Since our comprehensive article on complying with environmental obligations during the COVID-19 pandemic in April, governments across Canada have made a number of changes to suspend or delay environmental protection measures and obligations. Almost four months into the COVID-19 pandemic, governments have begun to take steps to address unique problems caused by the pandemic through legislative and regulatory change. This article provides an update on the current state of COVID-19 related exemptions, delays and regulatory changes as they relate to environmental laws in Ontario and federally.
Suspension of limitation periods and court operations
Several provinces across Canada, including Ontario, continue to suspend limitation periods and timelines for court proceedings for the duration of the declared state of emergency. Such measures provide for more time to commence a civil claim, for example.
Since March 2020, virtual hearings have been expanded to allow urgent matters to be heard electronically. As of July 6, 2020, courts in Ontario have begun to hear limited matters in person in certain court locations. Small Claims Court matters and Provincial Offences Act proceedings, such as charges under provincial environmental legislation, remain suspended until further notice, but increased virtual hearings are available for Small Claims Court settlement conferences and for judicial pre-trials and some guilty pleas in POA matters. As set out below, restrictions in the Provincial Offences Act have prohibited certain matters from proceeding electronically.
Deadlines in approvals and orders
The suspension of limitation periods does not apply to deadlines in orders or approvals issued by the Ontario Ministry of Environment, Conservation and Parks (MECP). The MECP has not yet provided any general guidance but has been considering temporary requests for regulatory relief on a case-by-case basis from members of the regulatory community who are facing disruptions to their business due to COVID-19.
The specific relief granted by the MECP and federal regulators is set out below, but it is still the case that in the absence of any specific guidance or extension from a provincial or federal regulator, facilities should continue to comply with all environmental laws and conditions of permits or approvals. If compliance issues arise, it is always a best practice to document due diligence efforts and any conditions making compliance impossible, including COVID-19 considerations.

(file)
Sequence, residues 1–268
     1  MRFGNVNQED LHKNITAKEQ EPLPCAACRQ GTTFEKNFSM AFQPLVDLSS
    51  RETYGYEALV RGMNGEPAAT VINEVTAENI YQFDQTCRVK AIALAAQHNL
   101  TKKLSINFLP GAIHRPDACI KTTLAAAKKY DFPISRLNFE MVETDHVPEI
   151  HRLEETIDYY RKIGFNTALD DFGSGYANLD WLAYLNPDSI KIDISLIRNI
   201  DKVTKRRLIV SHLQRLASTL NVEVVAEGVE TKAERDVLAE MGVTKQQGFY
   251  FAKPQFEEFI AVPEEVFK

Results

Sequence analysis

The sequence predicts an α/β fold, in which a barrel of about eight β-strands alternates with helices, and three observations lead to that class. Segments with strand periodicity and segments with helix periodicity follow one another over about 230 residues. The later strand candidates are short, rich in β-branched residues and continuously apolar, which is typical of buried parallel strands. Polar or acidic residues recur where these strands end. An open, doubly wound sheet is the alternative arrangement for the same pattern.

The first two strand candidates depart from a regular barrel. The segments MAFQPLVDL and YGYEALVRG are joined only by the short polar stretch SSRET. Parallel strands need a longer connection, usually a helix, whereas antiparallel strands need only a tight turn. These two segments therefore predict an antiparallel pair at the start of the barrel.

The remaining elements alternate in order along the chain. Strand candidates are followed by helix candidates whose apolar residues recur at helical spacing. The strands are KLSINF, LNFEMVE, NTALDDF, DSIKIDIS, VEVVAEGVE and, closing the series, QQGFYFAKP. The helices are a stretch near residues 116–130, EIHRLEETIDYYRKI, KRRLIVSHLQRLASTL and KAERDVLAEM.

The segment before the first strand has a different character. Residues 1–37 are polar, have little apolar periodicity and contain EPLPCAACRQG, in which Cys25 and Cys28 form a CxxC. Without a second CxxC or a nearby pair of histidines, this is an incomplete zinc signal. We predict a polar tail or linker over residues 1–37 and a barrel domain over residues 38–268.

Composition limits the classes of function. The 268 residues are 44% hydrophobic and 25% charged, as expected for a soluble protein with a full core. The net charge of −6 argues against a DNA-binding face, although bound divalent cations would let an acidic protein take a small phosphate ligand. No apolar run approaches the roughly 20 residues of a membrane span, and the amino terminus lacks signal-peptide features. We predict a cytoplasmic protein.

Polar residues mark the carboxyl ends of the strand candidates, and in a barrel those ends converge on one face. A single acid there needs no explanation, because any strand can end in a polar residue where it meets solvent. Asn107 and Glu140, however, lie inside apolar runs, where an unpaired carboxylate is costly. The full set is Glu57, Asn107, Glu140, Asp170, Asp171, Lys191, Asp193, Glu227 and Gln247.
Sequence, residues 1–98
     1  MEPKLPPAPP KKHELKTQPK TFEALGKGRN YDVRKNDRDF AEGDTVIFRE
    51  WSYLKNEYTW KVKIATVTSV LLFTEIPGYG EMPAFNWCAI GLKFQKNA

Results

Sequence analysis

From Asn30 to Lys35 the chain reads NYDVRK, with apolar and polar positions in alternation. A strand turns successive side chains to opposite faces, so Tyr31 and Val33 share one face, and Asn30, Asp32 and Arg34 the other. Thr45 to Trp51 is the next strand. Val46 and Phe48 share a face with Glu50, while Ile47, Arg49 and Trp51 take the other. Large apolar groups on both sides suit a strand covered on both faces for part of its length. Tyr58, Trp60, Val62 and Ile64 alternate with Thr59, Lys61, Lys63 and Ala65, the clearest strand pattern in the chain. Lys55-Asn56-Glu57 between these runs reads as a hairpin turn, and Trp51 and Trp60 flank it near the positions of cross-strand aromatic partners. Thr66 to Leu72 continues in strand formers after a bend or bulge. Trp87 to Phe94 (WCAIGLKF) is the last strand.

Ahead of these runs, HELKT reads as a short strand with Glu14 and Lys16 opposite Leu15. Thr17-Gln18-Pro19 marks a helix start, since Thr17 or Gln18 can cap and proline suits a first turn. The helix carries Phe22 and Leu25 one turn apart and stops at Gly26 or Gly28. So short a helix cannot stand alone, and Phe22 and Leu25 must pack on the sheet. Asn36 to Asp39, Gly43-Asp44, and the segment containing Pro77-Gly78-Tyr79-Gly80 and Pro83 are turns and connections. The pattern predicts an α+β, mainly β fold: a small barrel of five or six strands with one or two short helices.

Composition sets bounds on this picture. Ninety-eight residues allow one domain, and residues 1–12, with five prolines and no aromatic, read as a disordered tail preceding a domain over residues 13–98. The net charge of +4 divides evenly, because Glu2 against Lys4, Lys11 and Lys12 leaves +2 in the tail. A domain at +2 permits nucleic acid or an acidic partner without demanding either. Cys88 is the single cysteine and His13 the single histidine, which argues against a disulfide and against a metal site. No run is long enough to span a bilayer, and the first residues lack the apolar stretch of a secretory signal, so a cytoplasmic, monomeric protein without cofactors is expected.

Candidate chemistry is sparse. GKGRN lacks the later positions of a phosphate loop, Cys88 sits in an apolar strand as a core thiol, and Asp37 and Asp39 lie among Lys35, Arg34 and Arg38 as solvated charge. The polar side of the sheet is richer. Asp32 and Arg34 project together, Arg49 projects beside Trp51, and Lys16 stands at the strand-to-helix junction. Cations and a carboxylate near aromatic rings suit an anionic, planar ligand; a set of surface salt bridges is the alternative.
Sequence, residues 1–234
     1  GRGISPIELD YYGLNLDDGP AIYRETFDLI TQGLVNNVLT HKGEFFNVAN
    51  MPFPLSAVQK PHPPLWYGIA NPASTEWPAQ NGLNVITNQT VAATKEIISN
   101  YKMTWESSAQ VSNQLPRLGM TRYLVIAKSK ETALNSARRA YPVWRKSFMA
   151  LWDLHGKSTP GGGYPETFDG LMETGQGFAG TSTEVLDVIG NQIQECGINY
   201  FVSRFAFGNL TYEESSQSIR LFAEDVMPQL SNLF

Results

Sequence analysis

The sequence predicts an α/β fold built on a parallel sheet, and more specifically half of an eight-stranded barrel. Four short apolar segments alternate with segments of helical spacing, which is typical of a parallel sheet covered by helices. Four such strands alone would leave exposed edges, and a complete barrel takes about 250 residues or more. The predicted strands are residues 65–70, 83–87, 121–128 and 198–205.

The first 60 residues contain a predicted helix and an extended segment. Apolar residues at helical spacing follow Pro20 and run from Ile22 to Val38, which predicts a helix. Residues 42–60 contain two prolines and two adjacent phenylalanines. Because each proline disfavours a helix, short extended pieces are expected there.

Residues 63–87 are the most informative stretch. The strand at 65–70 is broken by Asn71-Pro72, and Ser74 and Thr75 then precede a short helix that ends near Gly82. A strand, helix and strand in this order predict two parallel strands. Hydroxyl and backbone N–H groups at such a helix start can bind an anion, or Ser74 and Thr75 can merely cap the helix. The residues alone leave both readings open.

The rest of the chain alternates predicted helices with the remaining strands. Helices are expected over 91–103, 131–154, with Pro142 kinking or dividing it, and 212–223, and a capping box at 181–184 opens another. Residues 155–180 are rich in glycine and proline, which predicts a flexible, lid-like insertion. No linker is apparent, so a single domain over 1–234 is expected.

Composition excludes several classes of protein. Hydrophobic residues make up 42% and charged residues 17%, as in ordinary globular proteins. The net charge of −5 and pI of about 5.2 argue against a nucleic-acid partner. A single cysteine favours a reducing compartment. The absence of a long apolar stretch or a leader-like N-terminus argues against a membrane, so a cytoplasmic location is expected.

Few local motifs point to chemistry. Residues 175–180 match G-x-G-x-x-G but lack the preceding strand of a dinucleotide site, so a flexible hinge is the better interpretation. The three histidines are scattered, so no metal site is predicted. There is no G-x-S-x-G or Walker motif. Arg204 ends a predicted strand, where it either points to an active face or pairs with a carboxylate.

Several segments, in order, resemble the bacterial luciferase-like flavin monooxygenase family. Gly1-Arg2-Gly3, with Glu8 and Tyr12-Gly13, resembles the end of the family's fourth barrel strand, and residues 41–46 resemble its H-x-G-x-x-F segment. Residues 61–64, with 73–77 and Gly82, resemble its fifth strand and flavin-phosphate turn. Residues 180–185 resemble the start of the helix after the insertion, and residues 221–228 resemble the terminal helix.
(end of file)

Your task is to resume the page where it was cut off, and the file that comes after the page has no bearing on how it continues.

Public consultation restored under the Environmental Bill of Rights
On June 15, 2020, the Ministry of the Environment, Conservation and Parks (MECP) revoked O. Reg. 115/20, which temporarily exempted all new laws, regulations, or policies impacting Ontario's land, air, water, and wildlife from undergoing a 30-day consultation period under the Environmental Bill of Rights (EBR). The regulation, before it was revoked, also exempted government ministries from needing to consider environmental values while making decisions.
The requirement to post new laws, regulations or policies affecting the environment allows Ontarians to participate in decision-making by providing comments on postings. Although the regulation was revoked, a number of regulatory actions were taken without consultation during this time, including:
- Delayed commencement of the new Excess Soil Regulation and exemption from Record of Site Condition for temporary hospitals and residences
In response to impacts from COVID-19, the government of Ontario has delayed the implementation of Phase 1 of the new Excess Soil Regulation from July 1, 2020 to January 1, 2021. Phase I includes the implementation of standards governing the re-use of excess soils, the processing of excess soils at project areas, and transportation of excess soils.
In the meantime, those generating and dealing with excess soils should continue to follow best practices. The MECP continues to work with municipalities and other stakeholders to help explain and implement the regulatory changes and to encourage early adoption of these changes, as appropriate.
In addition, the government also amended O. Reg. 153/04 (Records of Site Condition Regulation), to exempt temporary health facilities or residential facilities that will be built on land previously used for community or commercial purposes in response to emergencies declared under the Emergency Management and Civil Protection Act.
Generally, a Record of Site Condition (RSC) is required to be filed in the Environmental Site Registry before a property use can be changed from a less sensitive use (such as industrial or commercial) to a more sensitive use (such as residential).